When it comes to the search for extra-terrestrial life, scientists have a tendency to be a bit geocentric – i.e. they look for planets that resemble our own. This is understandable, seeing as how Earth is the only planet that we know of that supports life. As result, those searching for extra-terrestrial life have been looking for planets that are terrestrial (rocky) in nature, orbit within their stars habitable zones, and have enough water on their surfaces.
In the course of discovering several thousand exoplanets, scientists have found that many may in fact be “water worlds” (planets where up to 50% of their mass is water). This naturally raises some questions, like how much water is too much, and could too much land be a problem as well? To address these, a pair of researchers from the Harvard Smithsonian Center for Astrophysics (CfA) conducted a study to determine how the ratio between water and land masses can contribute to life.
We’re not learning that the vast majority of potentially habitable worlds out there are actually icy moons like Europa and Enceladus. Good news, there are hundreds, if not thousands of times more of them than worlds like Earth. Bad news, they’re locked in ice. What have we learned about water worlds and their potential for habitability?
Ever since the first exoplanet was confirmed in 1992, astronomers have found thousands of worlds beyond our Solar System. With more and more discoveries happening all the time, the focus of exoplanet research has begun to slowly shift from exoplanet discovery to exoplanet characterization. Essentially, scientists are now looking to determine the composition of exoplanets to determine whether or not they could support life.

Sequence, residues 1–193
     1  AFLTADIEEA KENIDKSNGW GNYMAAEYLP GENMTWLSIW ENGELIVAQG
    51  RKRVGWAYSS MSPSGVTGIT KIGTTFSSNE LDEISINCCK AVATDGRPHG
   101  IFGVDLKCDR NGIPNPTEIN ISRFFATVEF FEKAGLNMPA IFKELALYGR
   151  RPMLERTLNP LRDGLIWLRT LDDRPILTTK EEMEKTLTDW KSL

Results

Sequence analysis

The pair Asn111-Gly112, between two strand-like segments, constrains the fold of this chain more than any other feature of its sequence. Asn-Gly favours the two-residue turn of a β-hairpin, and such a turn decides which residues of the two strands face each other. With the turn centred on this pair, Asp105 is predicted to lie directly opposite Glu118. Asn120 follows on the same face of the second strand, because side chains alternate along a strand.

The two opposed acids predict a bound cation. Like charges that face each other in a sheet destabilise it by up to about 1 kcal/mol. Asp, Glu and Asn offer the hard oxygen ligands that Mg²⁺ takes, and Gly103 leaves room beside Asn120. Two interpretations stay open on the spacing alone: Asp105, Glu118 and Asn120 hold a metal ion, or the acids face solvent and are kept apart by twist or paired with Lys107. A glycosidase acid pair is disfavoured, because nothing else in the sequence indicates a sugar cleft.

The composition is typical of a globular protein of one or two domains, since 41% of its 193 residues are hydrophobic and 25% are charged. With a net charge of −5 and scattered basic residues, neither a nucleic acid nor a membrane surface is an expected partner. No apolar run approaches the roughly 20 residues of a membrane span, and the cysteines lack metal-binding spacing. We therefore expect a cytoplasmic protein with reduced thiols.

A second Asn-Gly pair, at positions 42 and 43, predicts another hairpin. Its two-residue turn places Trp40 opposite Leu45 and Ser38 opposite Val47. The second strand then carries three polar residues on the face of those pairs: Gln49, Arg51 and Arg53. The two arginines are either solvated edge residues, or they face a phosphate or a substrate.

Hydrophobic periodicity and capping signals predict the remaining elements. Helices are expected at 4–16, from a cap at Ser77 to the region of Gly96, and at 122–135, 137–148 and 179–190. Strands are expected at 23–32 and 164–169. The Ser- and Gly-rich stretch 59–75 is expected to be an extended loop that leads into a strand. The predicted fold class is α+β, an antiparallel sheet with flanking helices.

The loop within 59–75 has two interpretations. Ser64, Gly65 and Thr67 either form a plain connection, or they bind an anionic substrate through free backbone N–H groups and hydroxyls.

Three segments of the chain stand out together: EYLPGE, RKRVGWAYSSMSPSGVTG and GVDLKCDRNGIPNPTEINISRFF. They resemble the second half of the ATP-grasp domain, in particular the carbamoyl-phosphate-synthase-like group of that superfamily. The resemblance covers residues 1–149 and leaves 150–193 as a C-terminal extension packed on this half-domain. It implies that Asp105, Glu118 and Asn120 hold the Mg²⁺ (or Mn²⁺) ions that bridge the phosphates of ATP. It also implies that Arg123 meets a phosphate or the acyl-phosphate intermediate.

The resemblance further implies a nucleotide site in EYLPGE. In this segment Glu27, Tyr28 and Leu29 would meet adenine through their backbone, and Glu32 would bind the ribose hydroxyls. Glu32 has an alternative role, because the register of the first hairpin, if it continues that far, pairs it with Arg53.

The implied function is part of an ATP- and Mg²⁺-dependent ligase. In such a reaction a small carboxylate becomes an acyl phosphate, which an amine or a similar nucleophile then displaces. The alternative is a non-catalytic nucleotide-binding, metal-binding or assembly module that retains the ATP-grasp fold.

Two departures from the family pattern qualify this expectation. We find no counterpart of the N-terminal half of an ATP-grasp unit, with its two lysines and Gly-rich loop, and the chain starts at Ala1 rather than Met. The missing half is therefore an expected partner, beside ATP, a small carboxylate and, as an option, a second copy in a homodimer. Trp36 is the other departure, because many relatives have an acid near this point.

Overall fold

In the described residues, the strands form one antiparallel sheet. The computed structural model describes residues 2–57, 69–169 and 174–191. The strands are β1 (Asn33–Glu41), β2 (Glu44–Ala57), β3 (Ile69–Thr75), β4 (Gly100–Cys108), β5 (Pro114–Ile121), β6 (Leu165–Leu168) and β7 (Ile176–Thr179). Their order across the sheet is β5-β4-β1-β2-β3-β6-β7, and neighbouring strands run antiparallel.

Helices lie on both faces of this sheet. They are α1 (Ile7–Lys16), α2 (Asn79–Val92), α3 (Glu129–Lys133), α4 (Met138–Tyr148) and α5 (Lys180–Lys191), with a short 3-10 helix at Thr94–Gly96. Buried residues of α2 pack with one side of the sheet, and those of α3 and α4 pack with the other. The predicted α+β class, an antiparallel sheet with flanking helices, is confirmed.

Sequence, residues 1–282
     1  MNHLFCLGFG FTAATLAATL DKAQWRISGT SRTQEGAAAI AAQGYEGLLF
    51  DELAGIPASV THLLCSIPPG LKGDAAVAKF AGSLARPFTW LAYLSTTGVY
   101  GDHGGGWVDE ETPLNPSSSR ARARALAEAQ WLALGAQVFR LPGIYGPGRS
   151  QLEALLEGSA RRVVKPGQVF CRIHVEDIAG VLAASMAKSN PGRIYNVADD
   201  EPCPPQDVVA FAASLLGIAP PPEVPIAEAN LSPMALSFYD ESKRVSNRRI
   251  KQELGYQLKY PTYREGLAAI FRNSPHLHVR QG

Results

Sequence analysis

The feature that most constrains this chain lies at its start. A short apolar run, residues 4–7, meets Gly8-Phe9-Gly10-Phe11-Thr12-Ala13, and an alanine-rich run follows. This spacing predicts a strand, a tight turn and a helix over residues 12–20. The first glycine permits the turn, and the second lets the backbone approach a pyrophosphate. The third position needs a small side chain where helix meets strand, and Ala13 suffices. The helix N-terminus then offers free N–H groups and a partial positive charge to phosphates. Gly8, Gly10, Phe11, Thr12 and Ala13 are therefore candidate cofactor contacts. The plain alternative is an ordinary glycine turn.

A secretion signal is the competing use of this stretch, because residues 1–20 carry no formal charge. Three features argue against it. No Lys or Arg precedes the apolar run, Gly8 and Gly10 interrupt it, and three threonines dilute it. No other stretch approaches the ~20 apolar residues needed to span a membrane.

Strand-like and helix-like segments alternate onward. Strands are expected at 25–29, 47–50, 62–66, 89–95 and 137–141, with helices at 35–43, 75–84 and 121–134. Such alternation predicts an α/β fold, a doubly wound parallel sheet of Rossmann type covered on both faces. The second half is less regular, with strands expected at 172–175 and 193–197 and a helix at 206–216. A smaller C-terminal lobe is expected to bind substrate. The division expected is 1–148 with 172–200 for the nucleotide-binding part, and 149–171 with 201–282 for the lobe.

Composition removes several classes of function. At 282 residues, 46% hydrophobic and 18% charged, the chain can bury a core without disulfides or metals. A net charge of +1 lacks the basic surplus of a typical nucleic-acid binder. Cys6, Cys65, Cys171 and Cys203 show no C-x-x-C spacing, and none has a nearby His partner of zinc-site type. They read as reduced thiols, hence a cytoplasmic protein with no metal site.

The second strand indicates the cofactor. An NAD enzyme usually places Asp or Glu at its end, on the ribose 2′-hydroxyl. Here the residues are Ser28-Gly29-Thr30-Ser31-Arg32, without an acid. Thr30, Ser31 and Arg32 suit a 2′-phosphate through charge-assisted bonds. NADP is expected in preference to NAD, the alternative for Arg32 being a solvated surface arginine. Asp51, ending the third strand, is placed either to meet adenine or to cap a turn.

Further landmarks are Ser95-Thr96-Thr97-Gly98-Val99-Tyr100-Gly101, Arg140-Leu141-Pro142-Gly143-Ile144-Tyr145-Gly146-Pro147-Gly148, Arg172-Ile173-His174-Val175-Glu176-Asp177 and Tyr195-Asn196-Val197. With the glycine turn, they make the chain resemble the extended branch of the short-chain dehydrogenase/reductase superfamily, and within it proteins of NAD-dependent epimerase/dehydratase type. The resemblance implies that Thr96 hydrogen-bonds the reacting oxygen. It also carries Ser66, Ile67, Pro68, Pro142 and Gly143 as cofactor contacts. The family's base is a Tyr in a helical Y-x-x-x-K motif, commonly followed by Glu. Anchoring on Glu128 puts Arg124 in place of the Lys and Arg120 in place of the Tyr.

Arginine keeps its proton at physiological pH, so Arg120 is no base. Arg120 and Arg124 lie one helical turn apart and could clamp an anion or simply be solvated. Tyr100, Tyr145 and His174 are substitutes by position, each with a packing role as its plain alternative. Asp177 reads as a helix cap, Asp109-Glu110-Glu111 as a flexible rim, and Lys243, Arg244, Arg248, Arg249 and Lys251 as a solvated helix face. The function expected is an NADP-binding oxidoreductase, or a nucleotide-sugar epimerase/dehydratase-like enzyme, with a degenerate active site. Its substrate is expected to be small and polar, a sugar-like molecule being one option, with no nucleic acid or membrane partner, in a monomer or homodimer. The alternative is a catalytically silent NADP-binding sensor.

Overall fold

In February of 2017, the world was astounded to learn that astronomers – using data from the TRAPPIST telescope in Chile and the Spitzer Space Telescope – had identified a system of seven rocky exoplanets in the TRAPPIST-1 system. As if this wasn’t encouraging enough for exoplanet-enthusiasts, it was also indicated that three of the seven planets orbited within the stars’ circumstellar habitable zone (aka. “Goldilocks Zone”).
Since that time, this system has been the focus of considerable research and follow-up surveys to determine whether or not any of its planets could be habitable. Intrinsic to these studies has been the question whether or not the planets have liquid water on their surfaces. But according to a new study by a team of American astronomers, the TRAPPIST planets may actually have too much water to support life.
For the sake of their study, the team used data from prior surveys that attempted to place constraints on the mass and diameter of the TRAPPIST-1 planets in order to calculate their densities. Much of this came from a dataset called the Hypatia Catalog (developed by contributing author Hinkel), which merges data from over 150 literary sources to determine the stellar abundances of stars near to our Sun.
Using this data, the team constructed mass-radius-composition models to determine the volatile contents of each of the TRAPPIST-1 planets. What they noticed is that the TRAPPIST planets are traditionally light for rocky bodies, indicating a high content of volatile elements (such as water). On similarly low-density worlds, the volatile component is usually thought to take the form of atmospheric gases.
But as Unterborn explained in a recent SESE news article, the TRAPPIST-1 planets are a different matter:
“[T]he TRAPPIST-1 planets are too small in mass to hold onto enough gas to make up the density deficit. Even if they were able to hold onto the gas, the amount needed to make up the density deficit would make the planet much puffier than we see.”
Because of this, Unterborn and his colleagues determined that the low-density component in this planetary system had to be water. To determine just how much water was there, the team used a unique software package developed known as ExoPlex. This software uses state-of-the-art mineral physics calculators that allowed the team to combine all of the available information about the TRAPPIST-1 system – not just the mass and radius of individual planets.